What’s up my friends, welcome back. What I want, is the aluminum block below to have let’s say, exactly 100 degrees. I’ll control the real temperature using a K type thermocouple. To read the data I’ll use the MAX66 75 breakout module and control the PID algorithm with and Arduino. Finally, to apply power we will make a small circuit using a MOSFET or maybe a TRIAC in case of high AC voltages. This will be a close loop. The thermocouple measures the real values, the Arduino creates the signal applied to the MOSFET and this transistor will control the power of a heating element inside of the aluminum block and once again the thermocouple will measure the value, that’s why it’s a close loop.
PART 1 How PID works
So, the first thing is to understand how a PID temperature controller will work. As in any PID system we need to define a final process, in our case will be the final temperature that we will achieve. In order to control this temperature, we will need a feedback. So, any PID control will have some sort of feedback. In our case, that feedback is made using a K type thermocouple that will measure the real temperature of the system.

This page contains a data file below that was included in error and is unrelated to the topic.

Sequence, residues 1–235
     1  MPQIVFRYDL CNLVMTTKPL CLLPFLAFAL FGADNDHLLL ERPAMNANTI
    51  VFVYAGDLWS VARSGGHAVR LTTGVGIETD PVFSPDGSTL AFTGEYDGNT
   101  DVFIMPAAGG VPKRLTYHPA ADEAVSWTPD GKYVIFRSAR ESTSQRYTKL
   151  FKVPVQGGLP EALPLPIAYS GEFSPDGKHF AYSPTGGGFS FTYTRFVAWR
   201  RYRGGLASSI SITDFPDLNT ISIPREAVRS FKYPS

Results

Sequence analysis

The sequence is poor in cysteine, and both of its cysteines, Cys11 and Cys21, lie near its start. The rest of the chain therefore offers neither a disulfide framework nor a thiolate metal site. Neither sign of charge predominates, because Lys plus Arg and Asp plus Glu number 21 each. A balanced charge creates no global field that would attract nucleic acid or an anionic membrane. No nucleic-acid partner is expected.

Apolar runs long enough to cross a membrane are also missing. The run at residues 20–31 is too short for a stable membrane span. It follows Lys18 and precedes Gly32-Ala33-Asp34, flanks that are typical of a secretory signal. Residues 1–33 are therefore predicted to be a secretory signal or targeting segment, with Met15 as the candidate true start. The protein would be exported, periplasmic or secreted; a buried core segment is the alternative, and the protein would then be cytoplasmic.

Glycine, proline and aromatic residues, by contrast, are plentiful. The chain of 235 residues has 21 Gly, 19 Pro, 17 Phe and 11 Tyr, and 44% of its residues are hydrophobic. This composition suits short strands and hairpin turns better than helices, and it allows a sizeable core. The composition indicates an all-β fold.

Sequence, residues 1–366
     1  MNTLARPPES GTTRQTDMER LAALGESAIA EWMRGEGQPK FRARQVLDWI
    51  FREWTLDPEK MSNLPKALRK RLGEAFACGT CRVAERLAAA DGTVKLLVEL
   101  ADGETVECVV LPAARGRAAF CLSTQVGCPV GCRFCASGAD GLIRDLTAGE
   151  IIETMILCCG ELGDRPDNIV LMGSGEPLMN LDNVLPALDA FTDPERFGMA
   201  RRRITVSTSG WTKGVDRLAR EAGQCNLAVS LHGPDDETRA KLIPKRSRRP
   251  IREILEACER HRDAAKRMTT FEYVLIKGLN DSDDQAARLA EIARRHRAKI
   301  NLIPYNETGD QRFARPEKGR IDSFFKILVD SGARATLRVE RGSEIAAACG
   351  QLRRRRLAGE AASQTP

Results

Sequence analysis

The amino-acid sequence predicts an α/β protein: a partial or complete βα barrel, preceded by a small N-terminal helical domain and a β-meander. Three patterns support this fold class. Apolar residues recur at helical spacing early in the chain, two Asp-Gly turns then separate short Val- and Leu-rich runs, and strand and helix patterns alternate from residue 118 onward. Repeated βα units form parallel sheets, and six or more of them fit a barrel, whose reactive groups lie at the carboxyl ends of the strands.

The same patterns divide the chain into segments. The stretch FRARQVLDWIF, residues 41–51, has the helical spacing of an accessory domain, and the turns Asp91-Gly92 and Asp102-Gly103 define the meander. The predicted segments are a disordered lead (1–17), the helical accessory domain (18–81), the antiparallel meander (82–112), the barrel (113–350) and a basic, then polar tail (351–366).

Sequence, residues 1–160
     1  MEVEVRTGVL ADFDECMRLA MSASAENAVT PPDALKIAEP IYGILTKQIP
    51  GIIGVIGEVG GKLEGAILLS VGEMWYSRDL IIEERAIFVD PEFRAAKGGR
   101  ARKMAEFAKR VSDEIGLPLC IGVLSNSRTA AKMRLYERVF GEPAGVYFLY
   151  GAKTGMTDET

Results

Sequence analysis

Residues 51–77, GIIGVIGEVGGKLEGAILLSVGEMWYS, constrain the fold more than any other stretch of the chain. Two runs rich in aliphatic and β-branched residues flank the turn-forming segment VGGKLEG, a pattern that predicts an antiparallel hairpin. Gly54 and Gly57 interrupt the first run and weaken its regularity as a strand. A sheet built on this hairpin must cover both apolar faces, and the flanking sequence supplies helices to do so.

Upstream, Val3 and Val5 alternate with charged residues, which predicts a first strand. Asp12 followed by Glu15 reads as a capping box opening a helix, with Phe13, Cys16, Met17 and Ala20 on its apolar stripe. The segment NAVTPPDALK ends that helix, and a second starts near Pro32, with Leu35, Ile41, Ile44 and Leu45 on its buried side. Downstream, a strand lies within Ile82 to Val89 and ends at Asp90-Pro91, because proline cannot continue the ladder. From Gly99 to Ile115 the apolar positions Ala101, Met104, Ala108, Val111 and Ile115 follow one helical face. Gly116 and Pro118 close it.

This type of control will also need a setpoint, which in our case is the desired temperature. The system will make the difference between the desired value and the feedback from the output (error), and using 3 constants, the proportional, the integral and derivative, we can change the output according to the feedback.
So, if we want the heating block to have exactly 100 degrees what we will do first is apply power to it. This will start heating up. By the time it reaches the setpoint value, which in this case is 100 degrees, the feedback will inform that to the PID control and this will start lowering the power applied to the heating element, and in our example that will be made using a PWM signal applied to a MOSFET that will control the voltage that goes to the heating element inside the block.
Read more: PID temperature control with Arduino
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